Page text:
Beverly & David Lewis,
Sanctuary
(Bethany House, 2001)

Melissa James has the perfect life. Blessed with a loving husband and a beautiful home in New England by the sea, she has a comfortable existence in which she works because she chooses to and has time for her painting. But Melissa's perfect life is shattered when a chance encounter in a local restaurant sends her fleeing for her life, for she harbors a deadly secret that could destroy all she holds dear.

After driving for hours, Mellie finds herself in Lancaster County, Pennsylvania. Deciding that she will take refuge among the charming Amish folk, she takes a room for rent at the home of Lela Denlinger, an unmarried Mennonite woman who had only that morning prayed that God would send her a worthy mission.

Mellie and Lela become cautious friends and Mellie finds herself relating her story -- and her secret -- to the Mennonite woman, who vows to help her, and who prays constantly for help and guidance in dealing with Mellie's troubles.

But Mellie can't hide forever. Missing her husband, she contacts him, only to find that he has secrets of his own and betrayal is not out of the question, even from one who loves her deeply.

Sanctuary is a new novel from the writing team of Beverly and David Lewis -- their first together. Beverly's childhood in Lancaster County provided rich source material for the Lancaster settings, as well as vivid descriptions of Amish and Plain life. The story is suspenseful and well-paced, easy to read in just a couple of sittings (or one long one). By not revealing Mellie's secret too early in the story, they successfully get the reader involved -- if only to find out what the danged thing is! Although the way in which the Bad Guys track down Mellie relies a little too heavily on coincidence for my taste, it is plausible in the context of the story.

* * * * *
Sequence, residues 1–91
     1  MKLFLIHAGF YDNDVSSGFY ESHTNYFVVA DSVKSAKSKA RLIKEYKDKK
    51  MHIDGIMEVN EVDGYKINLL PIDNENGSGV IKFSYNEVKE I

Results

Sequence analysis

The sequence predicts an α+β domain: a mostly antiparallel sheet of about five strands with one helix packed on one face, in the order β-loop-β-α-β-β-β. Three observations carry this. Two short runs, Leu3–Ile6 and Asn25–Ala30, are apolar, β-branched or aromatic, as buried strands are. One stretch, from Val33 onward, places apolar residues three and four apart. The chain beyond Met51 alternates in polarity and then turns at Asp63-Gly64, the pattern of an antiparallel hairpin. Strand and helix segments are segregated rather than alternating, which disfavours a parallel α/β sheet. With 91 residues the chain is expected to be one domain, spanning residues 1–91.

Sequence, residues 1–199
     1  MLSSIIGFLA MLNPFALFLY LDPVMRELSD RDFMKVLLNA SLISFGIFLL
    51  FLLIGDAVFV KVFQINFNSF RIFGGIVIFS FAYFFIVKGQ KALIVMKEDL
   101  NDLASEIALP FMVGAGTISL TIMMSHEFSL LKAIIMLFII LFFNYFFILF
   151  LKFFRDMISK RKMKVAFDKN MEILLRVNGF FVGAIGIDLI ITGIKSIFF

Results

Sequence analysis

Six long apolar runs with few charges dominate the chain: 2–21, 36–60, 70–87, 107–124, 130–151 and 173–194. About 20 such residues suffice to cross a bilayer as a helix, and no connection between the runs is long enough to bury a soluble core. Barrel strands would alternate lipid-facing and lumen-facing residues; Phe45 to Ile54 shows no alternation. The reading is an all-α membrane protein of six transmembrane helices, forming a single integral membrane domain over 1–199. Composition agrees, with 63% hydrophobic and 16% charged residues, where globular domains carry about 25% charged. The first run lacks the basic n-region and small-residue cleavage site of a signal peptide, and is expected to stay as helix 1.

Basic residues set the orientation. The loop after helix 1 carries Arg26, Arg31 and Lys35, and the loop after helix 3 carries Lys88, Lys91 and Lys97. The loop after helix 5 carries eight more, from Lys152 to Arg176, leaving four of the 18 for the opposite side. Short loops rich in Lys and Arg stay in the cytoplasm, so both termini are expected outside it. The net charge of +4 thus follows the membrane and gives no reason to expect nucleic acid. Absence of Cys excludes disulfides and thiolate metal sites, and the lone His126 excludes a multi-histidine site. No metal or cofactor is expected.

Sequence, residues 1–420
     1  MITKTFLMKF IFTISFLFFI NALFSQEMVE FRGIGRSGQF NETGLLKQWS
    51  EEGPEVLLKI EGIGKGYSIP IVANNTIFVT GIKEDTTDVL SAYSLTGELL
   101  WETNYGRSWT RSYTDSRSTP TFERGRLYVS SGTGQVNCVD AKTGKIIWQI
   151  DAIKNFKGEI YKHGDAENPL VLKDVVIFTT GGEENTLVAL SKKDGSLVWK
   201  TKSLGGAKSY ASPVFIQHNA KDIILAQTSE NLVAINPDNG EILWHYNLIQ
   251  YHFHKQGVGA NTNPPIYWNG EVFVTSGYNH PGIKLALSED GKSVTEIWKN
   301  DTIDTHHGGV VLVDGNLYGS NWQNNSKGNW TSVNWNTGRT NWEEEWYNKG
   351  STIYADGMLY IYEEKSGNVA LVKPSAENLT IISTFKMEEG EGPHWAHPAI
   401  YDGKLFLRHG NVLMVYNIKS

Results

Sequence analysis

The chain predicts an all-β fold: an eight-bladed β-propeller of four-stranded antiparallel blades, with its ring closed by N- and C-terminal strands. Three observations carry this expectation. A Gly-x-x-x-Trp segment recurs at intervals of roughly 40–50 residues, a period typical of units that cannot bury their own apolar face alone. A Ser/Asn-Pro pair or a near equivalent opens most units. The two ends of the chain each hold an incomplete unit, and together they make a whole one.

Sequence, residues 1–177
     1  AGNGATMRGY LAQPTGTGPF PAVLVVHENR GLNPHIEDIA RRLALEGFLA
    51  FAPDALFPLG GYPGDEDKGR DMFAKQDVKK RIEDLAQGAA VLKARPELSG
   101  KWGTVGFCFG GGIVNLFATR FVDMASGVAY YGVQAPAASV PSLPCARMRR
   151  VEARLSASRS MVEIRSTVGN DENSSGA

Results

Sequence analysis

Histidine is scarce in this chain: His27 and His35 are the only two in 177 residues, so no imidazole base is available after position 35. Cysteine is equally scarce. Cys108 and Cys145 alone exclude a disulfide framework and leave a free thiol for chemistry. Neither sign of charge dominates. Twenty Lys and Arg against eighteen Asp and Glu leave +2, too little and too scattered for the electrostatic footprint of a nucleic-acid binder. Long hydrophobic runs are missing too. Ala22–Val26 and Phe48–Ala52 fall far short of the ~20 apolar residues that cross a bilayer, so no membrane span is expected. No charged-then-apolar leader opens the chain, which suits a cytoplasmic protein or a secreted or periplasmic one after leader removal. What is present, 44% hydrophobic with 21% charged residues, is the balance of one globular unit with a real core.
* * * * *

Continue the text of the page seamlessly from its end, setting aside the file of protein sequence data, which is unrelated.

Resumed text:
This is an explicitly Christian book. For those not familiar with them, Bethany House is a Christian publisher and the book is marketed to Christian bookstores. As a result, several of the characters spend a great deal of time falling to their knees in prayer, and at least two characters become Christian in the course of the story. This does not necessarily detract from the story, but just as some readers have no patience for the elements required by, say, a Harlequin romance, some may have no patience for the elements required of a book that so heavily involves Christianity.

Sanctuary is a fascinating, suspenseful, romantic novel with interesting characters. It's worth a look.

[ by Laurie Thayer ]
Rambles: 14 December 2001



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